São Tomé and Príncipe

Despite São Tomé and Príncipe’s high-level political commitment to work with the FATF to address its strategic AML/CFT deficiencies, São Tomé and Príncipe has not made sufficient progress in implementing its action plan, and certain strategic deficiencies remain. São Tomé and Príncipe should work on addressing these deficiencies, including by: (1) adequately criminalising money laundering and terrorist financing (Recommendation 1 and Special Recommendation II); (2) establishing a fully operational and effectively functioning Financial Intelligence Unit (Recommendation 26); (3) ensuring that financial institutions and DNFBPs are subject to adequate AML/CFT regulation and supervision, and that a competent authority or competent authorities have been designated to ensure compliance with AML/CFT requirements (Recommendations 23, 24 and 29); (4) implementing effective, proportionate and dissuasive sanctions in order to deal with natural or legal persons that do not comply with the national AML/CFT requirements (Recommendation 17); and (5) taking the necessary action to gain membership of GIABA. The FATF encourages São Tomé and Príncipe to address its remaining deficiencies and continue the process of implementing its action plan.

Sri Lanka

Sri Lanka has taken steps towards improving its AML/CFT regime, including by enacting AML/CFT amendments. However, despite Sri Lanka’s high-level political commitment to work with the FATF and APG to address its strategic AML/CFT deficiencies, Sri Lanka has not made sufficient progress in implementing its action plan, and certain strategic AML/CFT deficiencies remain. Sri Lanka should work on addressing these deficiencies, including by: (1) adequately criminalising terrorist financing and addressing the remaining deficiencies with regard to the criminalisation of money laundering (Special Recommendation II and Recommendation 1); and (2) establishing and implementing adequate procedures to identify and freeze terrorist assets (Special Recommendation III). The FATF encourages Sri Lanka to address its remaining deficiencies and continue the process of implementing its action plan, including by continuing to work on its AML/CFT legislation.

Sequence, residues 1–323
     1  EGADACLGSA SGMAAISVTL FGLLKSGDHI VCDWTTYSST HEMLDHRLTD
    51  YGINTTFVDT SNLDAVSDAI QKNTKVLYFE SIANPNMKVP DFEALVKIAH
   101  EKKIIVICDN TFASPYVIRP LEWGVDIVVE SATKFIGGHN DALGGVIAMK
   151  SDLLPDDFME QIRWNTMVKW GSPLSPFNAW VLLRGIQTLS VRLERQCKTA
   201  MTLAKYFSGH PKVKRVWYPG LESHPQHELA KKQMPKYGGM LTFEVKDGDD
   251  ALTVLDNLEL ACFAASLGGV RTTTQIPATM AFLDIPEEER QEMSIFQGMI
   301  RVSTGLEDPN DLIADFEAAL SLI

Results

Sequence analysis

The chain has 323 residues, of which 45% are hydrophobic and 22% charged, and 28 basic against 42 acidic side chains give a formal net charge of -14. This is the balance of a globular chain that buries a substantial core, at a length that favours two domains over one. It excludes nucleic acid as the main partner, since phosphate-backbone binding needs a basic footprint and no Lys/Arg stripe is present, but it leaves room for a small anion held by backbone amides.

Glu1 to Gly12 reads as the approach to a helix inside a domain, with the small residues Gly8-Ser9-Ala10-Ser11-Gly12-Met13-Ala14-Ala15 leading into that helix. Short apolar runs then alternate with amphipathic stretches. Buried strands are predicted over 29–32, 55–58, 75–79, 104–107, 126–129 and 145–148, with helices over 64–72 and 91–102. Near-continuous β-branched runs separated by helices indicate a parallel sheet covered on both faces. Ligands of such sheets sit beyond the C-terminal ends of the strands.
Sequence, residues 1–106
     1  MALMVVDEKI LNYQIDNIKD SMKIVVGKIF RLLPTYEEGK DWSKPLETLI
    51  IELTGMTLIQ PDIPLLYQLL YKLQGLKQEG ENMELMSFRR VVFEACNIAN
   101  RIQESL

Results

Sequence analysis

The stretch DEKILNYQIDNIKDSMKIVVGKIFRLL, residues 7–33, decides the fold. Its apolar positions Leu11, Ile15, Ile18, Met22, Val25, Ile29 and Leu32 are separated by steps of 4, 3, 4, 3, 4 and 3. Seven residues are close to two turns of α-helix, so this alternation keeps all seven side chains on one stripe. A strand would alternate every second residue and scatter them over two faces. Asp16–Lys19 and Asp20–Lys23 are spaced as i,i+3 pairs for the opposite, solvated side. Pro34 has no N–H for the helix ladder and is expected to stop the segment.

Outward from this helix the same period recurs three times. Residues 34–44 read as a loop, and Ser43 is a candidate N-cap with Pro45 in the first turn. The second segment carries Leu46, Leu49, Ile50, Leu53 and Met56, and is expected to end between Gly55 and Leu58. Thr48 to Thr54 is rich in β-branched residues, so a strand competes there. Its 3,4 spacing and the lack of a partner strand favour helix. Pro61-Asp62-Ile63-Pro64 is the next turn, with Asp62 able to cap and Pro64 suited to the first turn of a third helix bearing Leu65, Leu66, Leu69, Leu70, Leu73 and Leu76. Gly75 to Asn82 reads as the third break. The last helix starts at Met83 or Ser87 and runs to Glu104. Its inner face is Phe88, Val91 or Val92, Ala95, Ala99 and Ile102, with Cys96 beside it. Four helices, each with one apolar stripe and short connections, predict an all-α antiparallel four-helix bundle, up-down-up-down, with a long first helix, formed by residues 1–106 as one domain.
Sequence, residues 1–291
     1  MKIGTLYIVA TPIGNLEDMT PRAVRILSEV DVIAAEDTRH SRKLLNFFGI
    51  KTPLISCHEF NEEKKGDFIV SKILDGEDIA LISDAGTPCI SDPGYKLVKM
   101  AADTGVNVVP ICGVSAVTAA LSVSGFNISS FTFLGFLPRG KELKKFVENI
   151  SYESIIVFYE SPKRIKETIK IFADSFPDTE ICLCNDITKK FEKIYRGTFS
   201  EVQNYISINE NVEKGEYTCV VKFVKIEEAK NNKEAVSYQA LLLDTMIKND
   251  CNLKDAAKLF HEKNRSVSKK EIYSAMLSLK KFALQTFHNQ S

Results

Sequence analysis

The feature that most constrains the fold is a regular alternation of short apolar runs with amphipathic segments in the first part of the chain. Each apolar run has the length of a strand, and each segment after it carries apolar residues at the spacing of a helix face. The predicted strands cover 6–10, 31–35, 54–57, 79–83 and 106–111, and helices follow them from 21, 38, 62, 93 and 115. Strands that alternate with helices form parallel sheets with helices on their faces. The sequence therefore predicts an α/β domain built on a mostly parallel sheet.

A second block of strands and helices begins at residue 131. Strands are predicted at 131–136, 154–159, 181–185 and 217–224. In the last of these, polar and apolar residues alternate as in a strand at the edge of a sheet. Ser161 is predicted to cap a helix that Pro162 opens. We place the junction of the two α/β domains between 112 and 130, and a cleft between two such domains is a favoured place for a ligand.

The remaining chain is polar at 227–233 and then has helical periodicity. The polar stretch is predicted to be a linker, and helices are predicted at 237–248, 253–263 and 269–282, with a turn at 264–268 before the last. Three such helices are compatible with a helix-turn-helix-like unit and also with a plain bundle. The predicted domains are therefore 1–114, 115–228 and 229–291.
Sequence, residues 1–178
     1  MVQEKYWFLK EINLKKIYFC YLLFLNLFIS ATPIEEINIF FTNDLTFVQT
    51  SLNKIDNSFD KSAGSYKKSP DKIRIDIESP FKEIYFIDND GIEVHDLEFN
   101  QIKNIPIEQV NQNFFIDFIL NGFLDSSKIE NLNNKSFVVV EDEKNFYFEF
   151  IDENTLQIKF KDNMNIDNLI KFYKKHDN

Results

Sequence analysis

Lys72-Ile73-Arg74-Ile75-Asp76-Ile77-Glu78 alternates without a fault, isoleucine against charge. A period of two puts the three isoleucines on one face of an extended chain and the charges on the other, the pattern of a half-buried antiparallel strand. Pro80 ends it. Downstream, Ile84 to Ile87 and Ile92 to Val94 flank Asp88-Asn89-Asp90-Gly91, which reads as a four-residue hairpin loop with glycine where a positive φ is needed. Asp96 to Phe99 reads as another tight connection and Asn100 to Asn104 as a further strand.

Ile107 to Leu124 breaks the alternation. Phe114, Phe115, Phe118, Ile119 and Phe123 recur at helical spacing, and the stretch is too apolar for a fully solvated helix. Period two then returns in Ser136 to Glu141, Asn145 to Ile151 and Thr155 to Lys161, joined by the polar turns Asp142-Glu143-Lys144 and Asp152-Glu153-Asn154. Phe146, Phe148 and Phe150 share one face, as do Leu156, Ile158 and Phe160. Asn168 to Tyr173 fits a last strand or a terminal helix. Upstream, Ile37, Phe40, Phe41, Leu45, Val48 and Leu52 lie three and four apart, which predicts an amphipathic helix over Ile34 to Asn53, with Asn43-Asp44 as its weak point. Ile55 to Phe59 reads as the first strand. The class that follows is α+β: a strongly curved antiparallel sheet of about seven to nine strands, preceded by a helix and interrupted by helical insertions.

Syria

Syria has taken significant steps towards improving its AML/CFT regime, including by improving the legal arrangements for freezing terrorist assets. However, despite Syria’s high-level political commitment to work with the FATF and MENAFATF to address its strategic AML/CFT deficiencies, Syria has not made sufficient progress in implementing its action plan, and certain strategic AML/CFT deficiencies remain. Syria should work on addressing its deficiencies, including by: (1) adopting adequate measures to implement and enforce the 1999 International Convention for the Suppression of Financing of Terrorism (Special Recommendation I); (2) implementing adequate procedures for identifying and freezing terrorist assets (Special Recommendation III); (3) ensuring that financial institutions are aware of and comply with their obligations to file suspicious transaction reports in relation to ML and FT (Recommendation 13 and Special Recommendation IV); and (4) ensuring that appropriate laws and procedures are in place to provide mutual legal assistance (Recommendations 36-38, Special Recommendation V). The FATF encourages Syria to address its remaining deficiencies and continue the process of implementing its action plan.

Turkey

Turkey has taken steps towards improving its AML/CFT regime, including by submitting CFT legislation to Parliament. Despite Turkey’s high-level political commitment to work with the FATF to address its strategic AML/CFT deficiencies, Turkey has not made sufficient progress in implementing its action plan, and certain strategic AML/CFT deficiencies remain. Turkey should work on addressing these deficiencies, including by: (1) adequately criminalising terrorist financing (Special Recommendation II); and (2) implementing an adequate legal framework for identifying and freezing terrorist assets (Special Recommendation III). The FATF encourages Turkey to address its remaining deficiencies and continue the process of implementing its action plan.